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Zuna, zunka, damga, wine & wheat, tkanitsa, bozhurlak – all these colorful names denote the motley stripe that goes across the sky after rain with the seven colors of the spectrum arranged in it. In Bulgarian folklore the rainbow was perceived as a magic condition of the natural elements. In this edition of Folk Studio we bring you a few Bulgarian legends about this natural phenomenon.
As we have been told at school the rainbow appears after rain and results from the dispersion of light. Raindrops deflect and reflect some of the white-colored sunrays. As is the case with the prism, the first deflection takes place as rays enter the drop, and it breaks down light into colors. During the second deflection, as the light leaves the drop, the division increases. Red, orange, yellow, green blue, violet are the colors arranged across the sky. In Bulgarian traditional beliefs God has created the rainbow to appease humans that he will never again send them a great flood. The memory of the indescribable disaster with which God punished human beings for their sins, provoked fears any time a heavy rain fell. The gentle radiance of the rainbow was a sign that God had not withdrawn His blessing from the Earth.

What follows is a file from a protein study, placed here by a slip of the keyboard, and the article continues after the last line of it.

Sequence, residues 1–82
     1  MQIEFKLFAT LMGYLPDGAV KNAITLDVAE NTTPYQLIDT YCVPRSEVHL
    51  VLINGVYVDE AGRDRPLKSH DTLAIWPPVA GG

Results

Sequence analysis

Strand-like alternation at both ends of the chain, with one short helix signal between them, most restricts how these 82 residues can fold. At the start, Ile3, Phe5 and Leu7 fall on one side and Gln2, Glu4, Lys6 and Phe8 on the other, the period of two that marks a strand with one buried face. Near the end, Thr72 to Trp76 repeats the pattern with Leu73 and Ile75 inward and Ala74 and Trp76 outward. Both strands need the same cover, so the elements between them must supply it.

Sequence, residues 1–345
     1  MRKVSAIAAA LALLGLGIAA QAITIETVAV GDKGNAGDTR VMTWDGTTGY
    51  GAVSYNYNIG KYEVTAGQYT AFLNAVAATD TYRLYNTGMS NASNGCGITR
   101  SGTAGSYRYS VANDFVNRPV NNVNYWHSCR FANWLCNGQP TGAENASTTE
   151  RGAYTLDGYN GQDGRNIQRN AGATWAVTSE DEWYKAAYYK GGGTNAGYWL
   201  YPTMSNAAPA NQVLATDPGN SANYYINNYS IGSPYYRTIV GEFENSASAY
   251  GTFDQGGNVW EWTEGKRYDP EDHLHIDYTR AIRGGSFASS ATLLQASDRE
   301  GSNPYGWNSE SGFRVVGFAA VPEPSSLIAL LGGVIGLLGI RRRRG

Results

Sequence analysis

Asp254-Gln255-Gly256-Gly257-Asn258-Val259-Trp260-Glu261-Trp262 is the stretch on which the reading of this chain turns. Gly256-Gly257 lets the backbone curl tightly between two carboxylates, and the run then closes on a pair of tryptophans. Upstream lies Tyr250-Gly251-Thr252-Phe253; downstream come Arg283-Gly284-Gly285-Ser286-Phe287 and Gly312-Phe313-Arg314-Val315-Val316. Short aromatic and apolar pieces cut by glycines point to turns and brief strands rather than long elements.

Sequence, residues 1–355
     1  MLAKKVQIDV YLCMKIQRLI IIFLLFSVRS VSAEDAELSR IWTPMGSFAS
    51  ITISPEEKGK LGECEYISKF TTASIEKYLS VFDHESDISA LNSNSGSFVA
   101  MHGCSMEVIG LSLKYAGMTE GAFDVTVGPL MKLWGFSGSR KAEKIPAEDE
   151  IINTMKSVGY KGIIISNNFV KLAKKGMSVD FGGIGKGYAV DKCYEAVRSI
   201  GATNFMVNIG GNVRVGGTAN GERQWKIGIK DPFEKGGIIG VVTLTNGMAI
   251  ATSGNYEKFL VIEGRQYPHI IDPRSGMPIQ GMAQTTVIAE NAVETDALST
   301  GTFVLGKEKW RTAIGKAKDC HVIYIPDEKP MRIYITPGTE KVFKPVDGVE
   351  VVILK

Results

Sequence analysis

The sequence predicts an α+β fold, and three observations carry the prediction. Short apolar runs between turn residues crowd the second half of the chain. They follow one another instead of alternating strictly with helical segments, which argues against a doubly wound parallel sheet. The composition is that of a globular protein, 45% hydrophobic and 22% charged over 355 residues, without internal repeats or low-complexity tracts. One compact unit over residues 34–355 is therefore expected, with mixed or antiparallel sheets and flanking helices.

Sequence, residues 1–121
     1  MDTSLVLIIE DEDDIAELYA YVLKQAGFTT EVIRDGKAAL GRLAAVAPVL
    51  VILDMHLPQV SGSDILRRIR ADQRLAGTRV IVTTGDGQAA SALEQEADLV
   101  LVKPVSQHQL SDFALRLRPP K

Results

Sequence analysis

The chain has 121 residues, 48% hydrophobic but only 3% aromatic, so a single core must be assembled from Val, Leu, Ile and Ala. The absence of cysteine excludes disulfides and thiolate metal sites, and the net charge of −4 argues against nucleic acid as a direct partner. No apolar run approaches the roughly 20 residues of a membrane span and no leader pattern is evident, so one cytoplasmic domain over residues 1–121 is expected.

In pagan beliefs the rain and the moisture housed in the clouds, would be managed by mythical dragons. They lived at the edge of the world together with other mythical creatures that managed the natural phenomena. In the Christianized folklore myth about the distribution of the world among the saints, the rain and thunderstorms went to St. Elijah. After pouring the rain from his huge casks, he sometimes dropped his waist-belt on the earth. His waist-belt was colorful stretching across the sky. This is how the rainbow shaped up, another legend contends. From this story derives the saying, “St. Elijah dropped his belt.” There is a similar saying that goes, “Granny Zunka dropped her belt”, in which Zunka is one of the names of the rainbow. Zuna or zunitsa mean a bow, of a cask or of a wheel, but they also mean a belt.
In the Bulgarian folk costumes the belt is abundant in colors with its fibers dyed in all the colors of the rainbow. Some wedding songs offer a wonderful metaphor: the bride, beautiful as the sun, wears the rainbow as her belt. Wood-nymphs too wor